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Mediterranean Cities: A Circular Vision to Harmonise Criticalities and Generate New Development Paradigms


Mediterranean Cities: A Circular Vision to Harmonise Criticalities and Generate New Development Paradigms
Daniela De Lorenzo*

Some of the most ancient and still thriving cities are found along the Mediterranean coast. Urbanisation, where economic, industrial and energy transitions have occurred across the ages, has meant commerce, cultural exchanges and prosperity for Mediterranean cities and societies.

Today, we are well aware that rapid development and growing environmental, economic and social challenges are leading to a decline of many historical cities, also threatening the cultural heritage of Mediterranean civilisations and their unique identities.

Due to the persistence of urban growth and rural-urban migrations, the total population of Mediterranean cities is projected to increase by 51 per cent by 2050, according to UN figures.[1] These trends will generate strong demand for housing, facilities and urban services, putting severe pressure on existing but non-resilient infrastructure and natural resources. Cities will over time become megalopolises, and account for or experience the bulk of polluting emissions, traffic congestion and critical waste management challenges.

Moreover, in the southern Mediterranean, the consequences of global warming and climate change will increasingly impact living environments and human activities. Yet, until recently, there have been few concrete signs of ecological concern. Most southern Mediterranean cities are excluded from global networks committed to scaling up sustainable urban development worldwide.

The Cities Climate Change Leadership Group, also known as C40, for instance, is focused on tackling climate change and promoting urban initiatives to reduce greenhouse gas emissions and climate risks, while increasing the health, wellbeing and economic opportunities of urban citizens through collective action.[2] One third of these initiatives were an outgrowth of collaboration between cities within this network and 70 per cent of C40 cities have implemented new initiatives as a result of participating in the network.[3]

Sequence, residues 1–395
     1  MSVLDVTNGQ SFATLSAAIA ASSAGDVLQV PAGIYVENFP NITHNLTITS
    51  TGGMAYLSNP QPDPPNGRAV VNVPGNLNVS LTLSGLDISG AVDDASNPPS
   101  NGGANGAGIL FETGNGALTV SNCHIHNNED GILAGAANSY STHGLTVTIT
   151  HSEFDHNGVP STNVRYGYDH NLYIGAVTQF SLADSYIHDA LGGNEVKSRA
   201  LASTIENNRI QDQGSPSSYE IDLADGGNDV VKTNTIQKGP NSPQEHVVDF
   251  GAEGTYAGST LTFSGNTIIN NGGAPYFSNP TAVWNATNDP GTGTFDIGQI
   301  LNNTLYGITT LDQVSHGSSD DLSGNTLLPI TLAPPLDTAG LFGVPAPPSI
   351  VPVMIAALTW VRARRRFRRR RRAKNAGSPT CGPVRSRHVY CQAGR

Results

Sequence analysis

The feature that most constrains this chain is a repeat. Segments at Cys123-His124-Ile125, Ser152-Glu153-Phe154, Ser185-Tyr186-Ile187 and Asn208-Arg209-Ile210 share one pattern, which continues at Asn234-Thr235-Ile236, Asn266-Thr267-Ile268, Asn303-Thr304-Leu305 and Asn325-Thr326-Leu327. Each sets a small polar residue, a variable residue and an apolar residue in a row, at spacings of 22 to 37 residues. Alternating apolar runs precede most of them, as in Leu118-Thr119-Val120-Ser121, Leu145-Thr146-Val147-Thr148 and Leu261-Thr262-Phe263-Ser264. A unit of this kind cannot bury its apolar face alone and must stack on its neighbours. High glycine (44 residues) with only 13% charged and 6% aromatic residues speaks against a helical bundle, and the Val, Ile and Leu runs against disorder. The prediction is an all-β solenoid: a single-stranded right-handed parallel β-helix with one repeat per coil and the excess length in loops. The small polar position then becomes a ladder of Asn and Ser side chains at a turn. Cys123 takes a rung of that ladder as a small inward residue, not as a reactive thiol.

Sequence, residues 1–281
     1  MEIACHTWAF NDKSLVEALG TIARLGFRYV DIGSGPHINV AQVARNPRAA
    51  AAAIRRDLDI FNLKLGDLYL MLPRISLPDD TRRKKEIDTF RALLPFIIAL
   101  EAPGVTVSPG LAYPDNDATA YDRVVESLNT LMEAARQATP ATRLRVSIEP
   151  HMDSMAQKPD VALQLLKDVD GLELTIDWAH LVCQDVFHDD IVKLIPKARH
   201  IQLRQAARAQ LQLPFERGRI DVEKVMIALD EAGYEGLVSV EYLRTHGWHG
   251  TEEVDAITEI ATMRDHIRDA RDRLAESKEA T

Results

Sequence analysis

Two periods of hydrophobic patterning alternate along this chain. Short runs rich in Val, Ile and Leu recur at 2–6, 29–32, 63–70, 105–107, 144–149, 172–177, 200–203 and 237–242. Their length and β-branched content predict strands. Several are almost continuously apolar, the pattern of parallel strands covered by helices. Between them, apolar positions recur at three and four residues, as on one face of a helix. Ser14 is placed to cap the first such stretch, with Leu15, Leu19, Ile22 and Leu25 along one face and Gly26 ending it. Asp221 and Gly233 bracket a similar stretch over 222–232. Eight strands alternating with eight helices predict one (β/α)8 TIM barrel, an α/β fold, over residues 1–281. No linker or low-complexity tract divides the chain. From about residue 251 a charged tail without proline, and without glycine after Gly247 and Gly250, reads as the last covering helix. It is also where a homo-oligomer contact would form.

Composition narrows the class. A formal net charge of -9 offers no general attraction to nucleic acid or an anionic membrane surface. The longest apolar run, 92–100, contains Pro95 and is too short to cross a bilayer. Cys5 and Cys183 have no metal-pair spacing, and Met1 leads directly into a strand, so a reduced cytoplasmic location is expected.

Cairo – together with Amman – was one of the few Arab cities present in this network. While Amman continues to be a member, the Egyptian capital was judged to have failed to meet the C40’s participation standards and, as result, had its membership suspended.

Cities are not autonomous territorial units. Their development also depends on their relevance within urban corridors and international city networks. Moreover, it is important to stress “the relevance of rural-urban linkages on which the sustainability of nations depends”.[4] Global phenomena like rural-urban migrations are generating low income mega-cities, that in some cases are far more populated than high-income countries.

Finally, we should not forget that rapid demographic growth is usually correlated with relatively low incomes. To date, urban structures and consumption models seem, by definition, at odds with sustainable practices. Indeed, continuous urban growth has historically been made possible only through subsidies and a particular energy market structure.

To deliver both ecological and financial stability, a different kind of economy is needed. This means passing from a linear to a circular approach to development. Furthermore, only a circular and creative economy can change labour structures and foster inclusiveness.

In the energy sector, a circular approach can guarantee better services, lower costs, less climate impact and minimise negative externalities at the urban level. During a seminar entitled “Pathways to Regional Energy Transition in the Mediterranean Area” held on 9 September in Abu Dhabi, during the 24th World Energy Congress,[5] some interesting takeaways emerged.